Ten thousand users of LinkedIn, a social networking site for professionals, were recently targeted in a “spear phishing” email scam trying to lure them into downloading a malicious software attachment.
In a blog post Wednesday, Brian Krebs of the Washington Post, who first reported the story, said recipients of the email were addressed by name, aiding in the authenticity of the email.
What sets spear phishing attacks apart from traditional malware attacks is that the sender includes information about the intended target in hopes of lending even more legitimacy to the email, David Marcus, director of security research and communications for McAfee Avert Labs, told SCMagazineUS.com Thursday.
The message was sent from the domain “support[at]linkedin[dot]com” with a subject line of “Re: business contact.”
The email read: “We managed to export the list of business contacts you have asked for.” The message then directed the recipient to open an attachment that was supposedly a list of business contacts that the user requested. In reality, it loaded malicious software to steal data such as usernames and passwords from the victim’s computer.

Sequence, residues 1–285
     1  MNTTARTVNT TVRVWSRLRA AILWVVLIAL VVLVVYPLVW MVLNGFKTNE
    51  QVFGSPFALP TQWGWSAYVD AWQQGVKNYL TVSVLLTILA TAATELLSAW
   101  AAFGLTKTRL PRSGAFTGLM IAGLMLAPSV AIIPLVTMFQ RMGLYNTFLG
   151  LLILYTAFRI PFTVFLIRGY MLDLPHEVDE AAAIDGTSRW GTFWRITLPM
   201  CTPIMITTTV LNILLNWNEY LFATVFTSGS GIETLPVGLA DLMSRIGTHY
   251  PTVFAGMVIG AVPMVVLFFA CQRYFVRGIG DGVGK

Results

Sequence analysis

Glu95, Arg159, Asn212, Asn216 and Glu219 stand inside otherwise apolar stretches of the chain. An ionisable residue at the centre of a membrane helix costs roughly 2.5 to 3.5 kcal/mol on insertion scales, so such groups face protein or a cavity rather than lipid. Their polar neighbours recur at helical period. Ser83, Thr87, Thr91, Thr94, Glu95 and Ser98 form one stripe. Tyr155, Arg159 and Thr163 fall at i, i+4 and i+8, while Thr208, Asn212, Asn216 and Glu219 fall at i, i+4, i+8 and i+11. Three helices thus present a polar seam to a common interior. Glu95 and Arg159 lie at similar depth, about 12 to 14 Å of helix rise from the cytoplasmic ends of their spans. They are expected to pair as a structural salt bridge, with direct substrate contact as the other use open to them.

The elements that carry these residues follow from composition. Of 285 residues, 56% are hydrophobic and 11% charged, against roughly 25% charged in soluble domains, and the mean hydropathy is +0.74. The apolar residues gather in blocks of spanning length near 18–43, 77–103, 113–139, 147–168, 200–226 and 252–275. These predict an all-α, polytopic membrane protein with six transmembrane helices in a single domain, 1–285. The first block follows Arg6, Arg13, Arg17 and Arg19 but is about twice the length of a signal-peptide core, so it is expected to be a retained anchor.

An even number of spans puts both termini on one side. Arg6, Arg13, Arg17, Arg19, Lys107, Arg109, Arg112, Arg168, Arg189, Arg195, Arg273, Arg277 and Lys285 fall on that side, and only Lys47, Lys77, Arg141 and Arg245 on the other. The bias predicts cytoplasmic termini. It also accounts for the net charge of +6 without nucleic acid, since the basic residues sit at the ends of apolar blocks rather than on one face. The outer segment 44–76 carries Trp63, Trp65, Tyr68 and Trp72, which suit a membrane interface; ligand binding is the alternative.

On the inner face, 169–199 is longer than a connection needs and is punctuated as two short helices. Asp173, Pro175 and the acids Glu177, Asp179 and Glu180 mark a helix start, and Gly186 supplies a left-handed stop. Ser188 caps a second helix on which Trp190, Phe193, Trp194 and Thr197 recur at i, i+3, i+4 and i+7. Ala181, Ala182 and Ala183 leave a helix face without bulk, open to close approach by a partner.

According to Marcus, the success rate of spear phishing attacks is significantly higher than traditional malicious attacks. Most people have received some sort of spam or phish message reading, “Dear banking customer” and deleted it. But not many people have gotten an email specifically addressed to them, he said.
“The likelihood that you’re going to think its real is certainly going to go up,” Marcus said.
To pull off an attack like this, fraudsters must already have obtained a certain amount of information about their targets, Marcus said.
Generally, an attacker would have acquired a database of information with names, email addresses and other identifying information either through a previous hack or having bought the information from cybercrime markets, he said. The attacker would use that information to craft a legitimate looking email directed to their target.
“It’s certainly troubling that the person who instigated the attack had pieces of information on 10,000 people,” Marcus said.
Attackers are targeting the users of social networking sites such as LinkedIn because members are used to receiving emails from the site.
Marcus recommended that if users receive the phishing scam, they should monitor their bank and credit statements because it means that someone already has some information about them.
Krista Canfield, spokeswoman for LinkedIn, told SCMagazineUS.com Thursday that the emails were not sent by LinkedIn.
“LinkedIn never advocates that its users be ‘open networkers,'” Canfield said in an email. “In fact, it can be downright dangerous. We always advocate that our users keep their network tightly knit. Users should only connect to people that they know and trust, or people that they have actually met and worked with before.”